What Fintechs Should Watch in Q2 2023
May 12, 2023 | 2 min read
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May 20, 2021 | 0 min read
The decision to build, buy, or partner in banking and fintech can seem overwhelming. Which, of all the dozens of possible solutions in banking, should a company invest in, and what should that investment look like?
It’s a decision that’s been made even more complicated by the way the lines between banking and nonbanking activities have blurred. As financial institutions start to offer cell protection and roadside assistance, for instance, where does banking end and begin?
To get in control of this situation, it can help to answer a single guiding question:
How are we uniquely different from the competition?
By answering this question in detail — not by vaguely saying “we care about the customer” — you can better answer the broader question of building, buying, and partnering.
For instance, if your company is uniquely poised to do commercial lending in a certain geographical region it makes sense to build everything you can to further differentiate yourself in that way and buy or partner to do everything else. Or if your unique differentiator has to do with getting deposits from a certain customer segment, do everything you can to further differentiate yourself in that way and buy or partner for the rest.
However you differentiate yourself, focus on that and automate everything else as much as you can.
In short: Build what only you can build.
Even when you build something, you might still need to partner to build the ideal version of that solution. Say that you’re a bank that specializes in a particular kind of mortgage loan, for example. You might find that you need a partner to help you connect via APIs to other kinds of financial accounts, as MX does, to make the verification process smooth. Or say that you’re a credit union that’s focused on improving the financial health of your members. You might partner with a fintech company like MX to offer an app that gives automated and personalized financial advice.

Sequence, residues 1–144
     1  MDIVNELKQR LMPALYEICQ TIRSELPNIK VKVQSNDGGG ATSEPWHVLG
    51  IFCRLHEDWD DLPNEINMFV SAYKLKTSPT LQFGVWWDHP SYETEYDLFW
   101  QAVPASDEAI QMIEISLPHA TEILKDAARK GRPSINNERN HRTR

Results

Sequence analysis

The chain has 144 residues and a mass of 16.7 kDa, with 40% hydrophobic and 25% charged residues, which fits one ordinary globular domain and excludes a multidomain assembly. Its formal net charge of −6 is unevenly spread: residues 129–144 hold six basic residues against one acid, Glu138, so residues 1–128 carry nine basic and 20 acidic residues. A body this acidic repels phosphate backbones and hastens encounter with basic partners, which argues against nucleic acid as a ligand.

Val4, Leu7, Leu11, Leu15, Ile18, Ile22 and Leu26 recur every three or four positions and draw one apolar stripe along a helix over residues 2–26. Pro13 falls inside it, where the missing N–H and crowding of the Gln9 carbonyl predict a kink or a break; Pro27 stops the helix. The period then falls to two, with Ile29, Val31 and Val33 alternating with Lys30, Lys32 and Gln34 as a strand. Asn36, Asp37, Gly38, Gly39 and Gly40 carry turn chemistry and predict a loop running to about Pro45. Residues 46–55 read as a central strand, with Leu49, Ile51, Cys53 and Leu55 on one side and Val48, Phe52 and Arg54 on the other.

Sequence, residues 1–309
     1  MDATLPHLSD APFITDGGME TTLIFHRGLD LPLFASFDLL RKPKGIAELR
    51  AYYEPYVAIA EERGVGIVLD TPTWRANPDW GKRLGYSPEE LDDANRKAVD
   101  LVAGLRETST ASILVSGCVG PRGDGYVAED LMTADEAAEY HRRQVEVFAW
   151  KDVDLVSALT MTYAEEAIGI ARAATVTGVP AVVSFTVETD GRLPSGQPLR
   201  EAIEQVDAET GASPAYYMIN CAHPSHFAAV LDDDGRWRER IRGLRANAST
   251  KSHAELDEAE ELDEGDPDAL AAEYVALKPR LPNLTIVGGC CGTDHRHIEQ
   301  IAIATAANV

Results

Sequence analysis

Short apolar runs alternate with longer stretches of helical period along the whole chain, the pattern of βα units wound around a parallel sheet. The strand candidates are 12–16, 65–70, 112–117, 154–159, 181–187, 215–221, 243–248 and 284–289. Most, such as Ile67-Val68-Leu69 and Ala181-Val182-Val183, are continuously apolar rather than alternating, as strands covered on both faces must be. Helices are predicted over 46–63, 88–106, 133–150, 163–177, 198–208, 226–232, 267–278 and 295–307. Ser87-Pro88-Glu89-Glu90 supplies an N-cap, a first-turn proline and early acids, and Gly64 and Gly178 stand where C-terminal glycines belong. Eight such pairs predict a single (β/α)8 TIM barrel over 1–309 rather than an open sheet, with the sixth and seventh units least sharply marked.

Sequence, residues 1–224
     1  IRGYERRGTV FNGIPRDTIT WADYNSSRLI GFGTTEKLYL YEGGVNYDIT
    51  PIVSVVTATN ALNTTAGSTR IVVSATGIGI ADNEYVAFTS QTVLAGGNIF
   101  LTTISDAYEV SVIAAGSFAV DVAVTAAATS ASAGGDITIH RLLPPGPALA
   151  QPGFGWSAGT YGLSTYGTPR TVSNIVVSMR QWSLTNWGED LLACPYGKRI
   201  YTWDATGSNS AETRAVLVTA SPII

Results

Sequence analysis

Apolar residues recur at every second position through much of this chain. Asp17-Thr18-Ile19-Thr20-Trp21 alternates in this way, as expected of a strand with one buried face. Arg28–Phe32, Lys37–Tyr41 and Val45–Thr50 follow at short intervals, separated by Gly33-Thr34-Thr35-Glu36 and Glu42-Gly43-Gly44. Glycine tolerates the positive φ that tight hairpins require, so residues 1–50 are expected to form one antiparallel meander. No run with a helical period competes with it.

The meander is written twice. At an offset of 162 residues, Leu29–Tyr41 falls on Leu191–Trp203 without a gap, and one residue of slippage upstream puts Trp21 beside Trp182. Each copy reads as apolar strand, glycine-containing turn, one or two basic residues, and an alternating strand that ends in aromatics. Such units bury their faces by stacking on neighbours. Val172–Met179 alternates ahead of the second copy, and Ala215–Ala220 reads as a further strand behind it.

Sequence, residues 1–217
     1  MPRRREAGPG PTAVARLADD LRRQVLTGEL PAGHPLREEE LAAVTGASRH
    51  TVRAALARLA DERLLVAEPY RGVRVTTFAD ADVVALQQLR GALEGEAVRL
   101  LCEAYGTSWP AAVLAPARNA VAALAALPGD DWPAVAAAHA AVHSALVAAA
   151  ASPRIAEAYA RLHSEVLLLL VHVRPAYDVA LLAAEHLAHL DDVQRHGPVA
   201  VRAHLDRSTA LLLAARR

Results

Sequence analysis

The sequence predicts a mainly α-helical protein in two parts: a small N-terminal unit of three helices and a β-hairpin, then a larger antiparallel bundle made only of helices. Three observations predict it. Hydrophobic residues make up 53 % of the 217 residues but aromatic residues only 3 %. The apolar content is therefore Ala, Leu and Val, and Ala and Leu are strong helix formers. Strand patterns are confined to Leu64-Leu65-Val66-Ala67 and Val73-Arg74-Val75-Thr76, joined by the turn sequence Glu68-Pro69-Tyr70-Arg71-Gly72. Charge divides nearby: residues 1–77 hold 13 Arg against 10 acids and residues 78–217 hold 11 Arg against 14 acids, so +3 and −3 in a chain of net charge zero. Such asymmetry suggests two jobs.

As banking becomes more and more digital — a change sped up by the recent pandemic — it’s bound to increasingly be standard. The truth is that no one (not even the largest financial institutions) can do every part of banking in-house. Working together via partnerships is the way of the future of banking.
That’s why we’ve written about the need to get beyond build versus buy in banking. The truth is that off-the-shelf software can’t differentiate you enough from the competition these days, especially when it comes to speed to market. And as a recent PwC study shows, more than half of bank executives view new competitors as “a threat to traditional banks,” and 61% say having a customer-centric business model is ‘very important’ while only 17% are very prepared.” Those who don’t yet feel prepared can partner to get ahead.
Photo by Tim Trad
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